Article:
Eating and drinking

Residents of the capital Edo (Tokyo) and other Japanese cities had many options for eating and drinking out. This was one of the pleasures of city life for those who could afford it.

People could enjoy refreshments at tea-houses and restaurants at scenic spots on river-banks and by temples. For a novel experience, they could climb aboard a floating restaurant.

The large number of single men who lived in Edo on a temporary basis as followers of daimyō (feudal lords) probably boosted the trade in fast foods such as sushi, noodles and deep-fried tempura.

Women of the ‘pleasure districts’

Japanese cities had high levels of prostitution. Depending on their wealth, men could buy a range of sexual services from women and men.

The government created special districts for prostitution in Edo (Tokyo), Osaka and Kyoto to try to keep the industry under control. Edo’s ‘pleasure district’, the Yoshiwara, was surrounded by a moat and had only one entrance. It contained brothels, theatres and tea-houses, a ‘floating world’ set apart from real life.

High-ranking courtesans (prostitutes) paraded through the streets of the ‘pleasure districts’ wearing the latest fashions to attract customers. They were among the celebrities of their age, and people bought colourful woodblock prints of this aspect of city life. However, prostitutes of any rank had little chance of leaving their employment, they were effectively enslaved.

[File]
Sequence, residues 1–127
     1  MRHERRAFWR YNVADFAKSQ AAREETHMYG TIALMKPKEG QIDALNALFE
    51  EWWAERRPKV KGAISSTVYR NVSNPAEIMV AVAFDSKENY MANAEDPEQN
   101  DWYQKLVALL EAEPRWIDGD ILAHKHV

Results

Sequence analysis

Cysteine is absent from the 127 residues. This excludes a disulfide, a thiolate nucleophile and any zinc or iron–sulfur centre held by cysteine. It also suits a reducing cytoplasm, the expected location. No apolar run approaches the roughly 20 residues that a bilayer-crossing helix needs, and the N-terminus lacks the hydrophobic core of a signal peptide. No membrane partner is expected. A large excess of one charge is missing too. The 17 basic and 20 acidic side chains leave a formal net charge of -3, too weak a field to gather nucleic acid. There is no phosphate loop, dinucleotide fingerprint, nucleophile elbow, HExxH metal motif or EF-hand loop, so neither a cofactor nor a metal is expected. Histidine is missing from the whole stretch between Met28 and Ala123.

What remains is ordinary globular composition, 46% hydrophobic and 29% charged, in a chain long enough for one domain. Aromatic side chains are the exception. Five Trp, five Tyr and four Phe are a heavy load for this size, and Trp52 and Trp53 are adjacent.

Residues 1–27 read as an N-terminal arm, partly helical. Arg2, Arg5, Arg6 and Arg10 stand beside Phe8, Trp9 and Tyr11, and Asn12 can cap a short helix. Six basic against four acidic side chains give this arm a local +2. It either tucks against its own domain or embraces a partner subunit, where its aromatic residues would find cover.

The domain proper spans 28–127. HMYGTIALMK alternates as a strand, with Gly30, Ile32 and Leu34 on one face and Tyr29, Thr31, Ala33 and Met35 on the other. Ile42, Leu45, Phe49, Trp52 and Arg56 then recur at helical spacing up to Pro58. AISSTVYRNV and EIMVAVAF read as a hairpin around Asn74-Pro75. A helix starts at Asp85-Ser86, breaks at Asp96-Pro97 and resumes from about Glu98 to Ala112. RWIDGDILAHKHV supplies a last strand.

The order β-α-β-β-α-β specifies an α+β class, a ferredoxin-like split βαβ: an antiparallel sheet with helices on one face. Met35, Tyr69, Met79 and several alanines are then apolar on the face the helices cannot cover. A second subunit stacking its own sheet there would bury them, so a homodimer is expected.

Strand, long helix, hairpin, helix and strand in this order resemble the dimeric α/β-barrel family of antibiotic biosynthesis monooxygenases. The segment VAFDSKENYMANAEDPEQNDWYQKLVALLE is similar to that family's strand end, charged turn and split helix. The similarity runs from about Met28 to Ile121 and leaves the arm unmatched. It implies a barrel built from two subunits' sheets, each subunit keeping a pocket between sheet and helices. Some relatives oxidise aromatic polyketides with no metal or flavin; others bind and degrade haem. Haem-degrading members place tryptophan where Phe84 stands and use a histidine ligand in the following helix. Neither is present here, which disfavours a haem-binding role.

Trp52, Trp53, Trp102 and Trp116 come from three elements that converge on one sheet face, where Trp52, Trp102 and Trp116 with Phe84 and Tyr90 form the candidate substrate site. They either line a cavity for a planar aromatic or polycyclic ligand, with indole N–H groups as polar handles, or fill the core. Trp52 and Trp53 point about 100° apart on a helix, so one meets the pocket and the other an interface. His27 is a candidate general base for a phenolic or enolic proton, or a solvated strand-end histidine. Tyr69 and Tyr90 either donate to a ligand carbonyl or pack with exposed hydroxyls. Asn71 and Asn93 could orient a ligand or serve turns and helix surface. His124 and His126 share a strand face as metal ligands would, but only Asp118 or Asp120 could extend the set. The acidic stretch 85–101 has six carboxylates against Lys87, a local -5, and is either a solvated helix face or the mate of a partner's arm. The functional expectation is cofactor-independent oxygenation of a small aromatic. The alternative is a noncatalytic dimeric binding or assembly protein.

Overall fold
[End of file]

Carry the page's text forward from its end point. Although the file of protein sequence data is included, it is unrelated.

Geisha also worked in the ‘pleasure districts’. They were professional entertainers, skilled in the arts of music and conversation and forbidden from selling sexual services.

Kabuki theatre

Kabuki theatre was one of the most popular entertainments in Edo (Toyko), Osaka and Kyoto. Theatre fans loved watching actors and musicians perform the plays which combined stylised drama and dance.

Customers were eager to buy souvenirs of their favourite actors in particular roles. Publishing houses sold more woodblock prints relating to kabuki than any other subject. They worked with artists and craftsmen to develop attractive colour images.

Individual actors belonged to different acting families, often starting to work as young children. From 1629 only male actors were allowed to perform in kabuki so all female parts were played by men.